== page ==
Win a copy of The Edible Ecosystem Solution this week in the Forest Garden forum!
  • Post Reply Bookmark Topic Watch Topic
  • New Topic
permaculture forums growies critters building homesteading energy monies kitchen purity ungarbage community wilderness fiber arts art permaculture artisans regional education skip experiences global resources cider press projects digital market permies.com private forums all forums
this forum made possible by our volunteer staff, including ...
master stewards:
  • Anne Miller
  • Pearl Sutton
  • r ranson
  • Nicole Alderman
  • Mike Haasl
stewards:
  • paul wheaton
  • Joseph Lofthouse
  • James Freyr
master gardeners:
  • Carla Burke
  • John F Dean
  • jordan barton
gardeners:
  • Jay Angler
  • Greg Martin
  • Leigh Tate

Seaberry

 
pollinator
Posts: 1165
Location: Nevada, Mo 64772
101
  • Mark post as helpful
  • send pies
    Number of slices to send:
    Optional 'thank-you' note:
  • Quote
  • Report post to moderator
Only one of my seaberries survived. I don’t know if it’s male or female. Will it be hard to tell when the shrub blooms? I have never seen a seaberry bloom.
I don’t want to buy one of each and end up with two males and one female

I guess they don’t self pollinate at all?
 
pollinator
Posts: 386
Location: the mountains of western nc
91
forest garden trees foraging chicken food preservation cooking wood heat homestead
  • Mark post as helpful
  • send pies
    Number of slices to send:
    Optional 'thank-you' note:
  • Quote
  • Report post to moderator
it shouldn’t be too hard to tell when it’s blooming. just do a google image search for the difference.
 
pollinator
Posts: 1543
Location: Denmark 57N
427
fungi foraging trees cooking food preservation
  • Likes 1
  • Mark post as helpful
  • send pies
    Number of slices to send:
    Optional 'thank-you' note:
  • Quote
  • Report post to moderator
Do they grow wild where you are? If so and you are lucky enough to have a female just go and grab a cutting from one now that doesn't have berries on, they root easily. No they can't self pollinate and they are not very easy to tell apart even when flowering, their flowers are pretty pathetic, I did find a paper on how to tell from the buds here that doesn't look to easy either!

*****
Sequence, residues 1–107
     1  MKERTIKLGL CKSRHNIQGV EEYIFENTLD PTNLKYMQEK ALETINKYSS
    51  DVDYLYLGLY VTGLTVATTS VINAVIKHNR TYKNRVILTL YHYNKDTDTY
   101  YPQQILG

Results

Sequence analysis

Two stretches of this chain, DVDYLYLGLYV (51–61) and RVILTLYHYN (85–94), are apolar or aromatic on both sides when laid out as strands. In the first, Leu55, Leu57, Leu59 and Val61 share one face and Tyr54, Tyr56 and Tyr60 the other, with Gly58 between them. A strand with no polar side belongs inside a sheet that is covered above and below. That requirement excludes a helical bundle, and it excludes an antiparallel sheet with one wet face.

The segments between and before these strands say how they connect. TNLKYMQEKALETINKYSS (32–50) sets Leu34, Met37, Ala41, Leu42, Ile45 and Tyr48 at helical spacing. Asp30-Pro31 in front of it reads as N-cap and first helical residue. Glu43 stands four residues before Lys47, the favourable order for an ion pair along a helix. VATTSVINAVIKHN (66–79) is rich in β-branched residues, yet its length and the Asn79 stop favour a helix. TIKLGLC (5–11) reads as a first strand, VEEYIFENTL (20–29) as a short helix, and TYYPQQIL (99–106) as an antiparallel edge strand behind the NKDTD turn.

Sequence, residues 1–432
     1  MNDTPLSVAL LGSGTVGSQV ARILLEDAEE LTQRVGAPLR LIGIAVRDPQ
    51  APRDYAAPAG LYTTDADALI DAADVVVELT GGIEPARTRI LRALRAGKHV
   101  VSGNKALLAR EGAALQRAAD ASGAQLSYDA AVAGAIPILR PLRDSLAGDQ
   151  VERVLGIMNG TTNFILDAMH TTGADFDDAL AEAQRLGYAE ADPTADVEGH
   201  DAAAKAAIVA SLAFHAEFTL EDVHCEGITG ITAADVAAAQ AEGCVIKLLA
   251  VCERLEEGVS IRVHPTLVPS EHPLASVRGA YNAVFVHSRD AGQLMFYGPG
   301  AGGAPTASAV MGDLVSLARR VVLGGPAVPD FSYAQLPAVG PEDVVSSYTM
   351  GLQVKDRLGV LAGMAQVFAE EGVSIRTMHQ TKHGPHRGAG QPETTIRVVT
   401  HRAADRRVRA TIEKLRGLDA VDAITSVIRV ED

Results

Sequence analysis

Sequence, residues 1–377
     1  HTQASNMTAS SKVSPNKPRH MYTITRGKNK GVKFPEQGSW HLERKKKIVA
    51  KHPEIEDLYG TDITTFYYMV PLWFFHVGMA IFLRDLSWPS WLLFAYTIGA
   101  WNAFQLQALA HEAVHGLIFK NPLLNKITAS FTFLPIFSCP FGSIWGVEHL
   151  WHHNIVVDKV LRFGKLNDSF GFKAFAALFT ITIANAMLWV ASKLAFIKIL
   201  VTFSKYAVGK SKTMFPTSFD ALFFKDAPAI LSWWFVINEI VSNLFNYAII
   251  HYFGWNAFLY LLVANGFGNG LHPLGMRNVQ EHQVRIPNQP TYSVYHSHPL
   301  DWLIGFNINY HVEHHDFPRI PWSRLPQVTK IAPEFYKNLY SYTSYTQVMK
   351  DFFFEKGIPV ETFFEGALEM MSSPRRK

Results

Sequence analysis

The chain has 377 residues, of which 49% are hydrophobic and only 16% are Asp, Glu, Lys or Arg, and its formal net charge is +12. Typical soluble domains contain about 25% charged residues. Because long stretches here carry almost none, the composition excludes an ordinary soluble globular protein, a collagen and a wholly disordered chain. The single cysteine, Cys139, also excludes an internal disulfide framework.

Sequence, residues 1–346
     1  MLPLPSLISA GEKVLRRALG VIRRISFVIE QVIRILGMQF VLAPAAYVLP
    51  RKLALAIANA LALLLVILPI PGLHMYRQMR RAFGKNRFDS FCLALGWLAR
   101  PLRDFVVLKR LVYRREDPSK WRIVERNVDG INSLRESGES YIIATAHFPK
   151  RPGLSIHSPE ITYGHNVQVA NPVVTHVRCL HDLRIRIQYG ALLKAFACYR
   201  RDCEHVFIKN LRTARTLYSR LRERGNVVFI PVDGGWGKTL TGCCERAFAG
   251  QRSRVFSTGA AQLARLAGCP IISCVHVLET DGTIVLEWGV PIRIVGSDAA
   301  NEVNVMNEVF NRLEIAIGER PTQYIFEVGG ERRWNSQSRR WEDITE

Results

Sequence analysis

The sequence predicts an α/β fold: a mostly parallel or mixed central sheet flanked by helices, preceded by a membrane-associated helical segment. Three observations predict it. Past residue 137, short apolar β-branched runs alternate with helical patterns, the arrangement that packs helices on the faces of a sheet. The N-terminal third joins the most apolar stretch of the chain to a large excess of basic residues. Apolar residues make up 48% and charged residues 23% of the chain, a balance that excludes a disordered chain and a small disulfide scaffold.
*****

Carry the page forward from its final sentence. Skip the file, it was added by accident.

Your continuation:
pollinator
Posts: 331
Location: Zone 8b Portland
46
forest garden fungi food preservation
  • Mark post as helpful
  • send pies
    Number of slices to send:
    Optional 'thank-you' note:
  • Quote
  • Report post to moderator
This video helped me identify mine: https://youtu.be/yelTD0VJh5I
 
greg mosser
pollinator
Posts: 386
Location: the mountains of western nc
91
forest garden trees foraging chicken food preservation cooking wood heat homestead
  • Mark post as helpful
  • send pies
    Number of slices to send:
    Optional 'thank-you' note:
  • Quote
  • Report post to moderator
maybe it’s my years of botany classes, but the flowerbuds look very different to me, shapewise.
 
pollinator
Posts: 301
Location: Worcestershire, England
64
hugelkultur purity forest garden fungi trees urban bike bee woodworking
  • Mark post as helpful
  • send pies
    Number of slices to send:
    Optional 'thank-you' note:
  • Quote
  • Report post to moderator
Is it a named cultivar or not? Personally I wouldnt bother growing the normal version as the fruits are small almost inedible and are difficult to remove from the plant. I leave my normal ones for the birds but they dont even seem to eat many of them, so I will take them out eventually and replace them with the cultivated suckers.

If its a  named cultivar it can tell you if its male or female.
gift
 
Companion Planting Guide by World Permaculture Association
will be released to subscribers in: soon!
reply
    Bookmark Topic Watch Topic
  • New Topic